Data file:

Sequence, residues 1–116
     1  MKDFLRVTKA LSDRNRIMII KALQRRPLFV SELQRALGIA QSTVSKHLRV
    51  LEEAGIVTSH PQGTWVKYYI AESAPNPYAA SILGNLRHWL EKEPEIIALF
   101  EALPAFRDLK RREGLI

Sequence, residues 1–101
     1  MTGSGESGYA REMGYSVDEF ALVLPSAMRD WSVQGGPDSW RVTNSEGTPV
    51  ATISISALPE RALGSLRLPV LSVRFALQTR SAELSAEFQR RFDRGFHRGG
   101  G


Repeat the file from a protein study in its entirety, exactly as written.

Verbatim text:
Sequence, residues 1–116
     1  MKDFLRVTKA LSDRNRIMII KALQRRPLFV SELQRALGIA QSTVSKHLRV
    51  LEEAGIVTSH PQGTWVKYYI AESAPNPYAA SILGNLRHWL EKEPEIIALF
   101  EALPAFRDLK RREGLI

Sequence, residues 1–101
     1  MTGSGESGYA REMGYSVDEF ALVLPSAMRD WSVQGGPDSW RVTNSEGTPV
    51  ATISISALPE RALGSLRLPV LSVRFALQTR SAELSAEFQR RFDRGFHRGG
   101  G